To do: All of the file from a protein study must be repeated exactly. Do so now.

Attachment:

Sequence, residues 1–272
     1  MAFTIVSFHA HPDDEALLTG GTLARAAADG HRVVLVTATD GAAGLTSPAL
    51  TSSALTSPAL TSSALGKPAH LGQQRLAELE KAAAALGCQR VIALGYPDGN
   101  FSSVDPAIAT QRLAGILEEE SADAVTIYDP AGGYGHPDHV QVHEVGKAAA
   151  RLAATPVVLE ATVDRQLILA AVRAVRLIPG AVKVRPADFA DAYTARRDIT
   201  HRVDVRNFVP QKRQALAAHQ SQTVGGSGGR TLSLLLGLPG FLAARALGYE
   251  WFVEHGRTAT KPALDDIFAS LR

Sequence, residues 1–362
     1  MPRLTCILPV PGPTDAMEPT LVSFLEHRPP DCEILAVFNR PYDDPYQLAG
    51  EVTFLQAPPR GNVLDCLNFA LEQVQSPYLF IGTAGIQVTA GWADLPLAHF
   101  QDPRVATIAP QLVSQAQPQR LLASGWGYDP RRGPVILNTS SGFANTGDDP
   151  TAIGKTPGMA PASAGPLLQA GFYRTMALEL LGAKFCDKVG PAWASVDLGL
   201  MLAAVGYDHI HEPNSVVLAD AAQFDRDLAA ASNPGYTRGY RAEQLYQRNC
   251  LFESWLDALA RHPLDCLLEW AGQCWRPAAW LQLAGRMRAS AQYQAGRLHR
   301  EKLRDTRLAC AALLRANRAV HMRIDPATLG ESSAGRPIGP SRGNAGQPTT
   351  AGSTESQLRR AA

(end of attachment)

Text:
Sequence, residues 1–272
     1  MAFTIVSFHA HPDDEALLTG GTLARAAADG HRVVLVTATD GAAGLTSPAL
    51  TSSALTSPAL TSSALGKPAH LGQQRLAELE KAAAALGCQR VIALGYPDGN
   101  FSSVDPAIAT QRLAGILEEE SADAVTIYDP AGGYGHPDHV QVHEVGKAAA
   151  RLAATPVVLE ATVDRQLILA AVRAVRLIPG AVKVRPADFA DAYTARRDIT
   201  HRVDVRNFVP QKRQALAAHQ SQTVGGSGGR TLSLLLGLPG FLAARALGYE
   251  WFVEHGRTAT KPALDDIFAS LR

Sequence, residues 1–362
     1  MPRLTCILPV PGPTDAMEPT LVSFLEHRPP DCEILAVFNR PYDDPYQLAG
    51  EVTFLQAPPR GNVLDCLNFA LEQVQSPYLF IGTAGIQVTA GWADLPLAHF
   101  QDPRVATIAP QLVSQAQPQR LLASGWGYDP RRGPVILNTS SGFANTGDDP
   151  TAIGKTPGMA PASAGPLLQA GFYRTMALEL LGAKFCDKVG PAWASVDLGL
   201  MLAAVGYDHI HEPNSVVLAD AAQFDRDLAA ASNPGYTRGY RAEQLYQRNC
   251  LFESWLDALA RHPLDCLLEW AGQCWRPAAW LQLAGRMRAS AQYQAGRLHR
   301  EKLRDTRLAC AALLRANRAV HMRIDPATLG ESSAGRPIGP SRGNAGQPTT
   351  AGSTESQLRR AA